Why do I use the CDK over CloudFormation?
It has now been over 6 months since I have started using the CDk and it has come a long way. I thought it worth taking a moment to reflect on why I started using and why I continue to.
Initially starting out using the CDK I liked the principle of it because it allowed data structures and functions not available in CloudFormation. So now if I needed multiple similar S3 buckets I could just loop over a list. I no longer had to list them out individually. Im the examples below it may not look like much, but imagine managing tens or even hundreds of the same resources and it becomes painful.
Can become this:
from aws_cdk import core, aws_s3
Another benefit was the ability to write custom constructs, if there are reusable patterns I no longer are required to use messy nested stack templates. Instead I can use native programming language tools to write libraries. Even better, AWS publishes these for us, so things like ecs-patterns or serverless constructs like those in AWS Solutions Constructs can save a lot of time and headaches. Before hand, these templates could have been 1000+ lines and were difficult to read, a single error could result in stack issues.
These reasons for wanting to use the CDK are good in their own rights but I have discovered ancillary benefits I’d like to go over.
Now that I have been using the CDK for sometime I have come to realize multiple other benefits that at first are not as obvious but now would be difficult to live without. Basically the only time I ever use CloudFormation is for one of two reasons:
- Serverless application development - This is still possible with the CDK and in some cases preferred, but debugging lambdas via CDK is a pain. So if its a simple lambda, with little to no resource interaction, stick with SAM.
- The resources are not will supported by CDK yet - This still happens, CDK is under development and many resources have L2 constructs created. Even L1 CFN constructs are useful but can be a bit clunky. So if there is NO CDK support or very limited I will still use CloudFormation.
I will use the CDK now for the reasons above and new ones.
Resource typing prevents mistakes and simplifies development
It is now more obvious when working in my editor what inputs are expected for a given resources properties. Using VS Code or vim with COC you can get really awesome auto-complete. I tried to demonstrate this with a inline gif but failed miserably at getting it small. So just trust me, it is great.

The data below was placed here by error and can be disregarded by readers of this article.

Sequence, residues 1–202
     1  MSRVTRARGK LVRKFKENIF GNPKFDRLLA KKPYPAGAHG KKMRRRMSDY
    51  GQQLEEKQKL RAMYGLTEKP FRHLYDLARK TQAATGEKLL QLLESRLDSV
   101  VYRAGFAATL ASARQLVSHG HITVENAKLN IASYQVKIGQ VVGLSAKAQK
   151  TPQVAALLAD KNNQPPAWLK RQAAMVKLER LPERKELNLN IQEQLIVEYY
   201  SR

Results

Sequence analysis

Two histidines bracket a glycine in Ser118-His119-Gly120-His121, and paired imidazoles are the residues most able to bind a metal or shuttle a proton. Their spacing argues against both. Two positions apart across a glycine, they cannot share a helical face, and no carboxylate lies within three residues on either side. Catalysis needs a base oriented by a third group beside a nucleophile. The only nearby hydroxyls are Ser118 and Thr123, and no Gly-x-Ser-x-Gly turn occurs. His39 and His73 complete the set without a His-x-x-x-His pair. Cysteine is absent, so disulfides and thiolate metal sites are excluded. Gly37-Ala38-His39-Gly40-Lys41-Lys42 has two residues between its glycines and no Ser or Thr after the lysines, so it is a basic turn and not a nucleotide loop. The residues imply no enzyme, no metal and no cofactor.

grants and connections make IAM permissions and security groups a breeze
Rather than having to define a lambda security policy that can access a bucket or queue, I can just use that resource to grant access. Of course, you can still define the role, policy and statement if you prefer or need to work around the edges.
bucket = aws_s3.Bucket(self, "ExampleBucket")
Better Stack Management
When dealing with CloudFormation I generally kept to one stack, or a single stack, with nested stacks under it. The reason why is CloudFormation exports are a pain. The good news is the CDK makes it trivial to share resource outputs between stacks.
Below is an example of a python CDK project with a VPC stack, shared with both a shared resources and load balancer stack. Those outputs are automatically passed between the vpc, shared and load balancer CFN stacks and managed by the CDK at synth/deployment.
vpc_stack = VpcStack(app, "vpc-stack", env=env)
I will warn you, the same limitations around altering shared stacks exports still exists in the CDK as it does with CloudFormation, so use it judiciously. But at least it is possible and a whole lot easier.
All in all, I really enjoy the CDK and encourage anyone currently using CloudFormation heavily to take a look at it. I expect its omnipresence to only grow both outside of AWS and inside of it. Already AWS is converting resources internal to use it according to their podcast.
My hopes for the future are that AWS continues to expand the testing capabilities of Typescript CDK to other languages and expands the L2 and Solutions Constructs.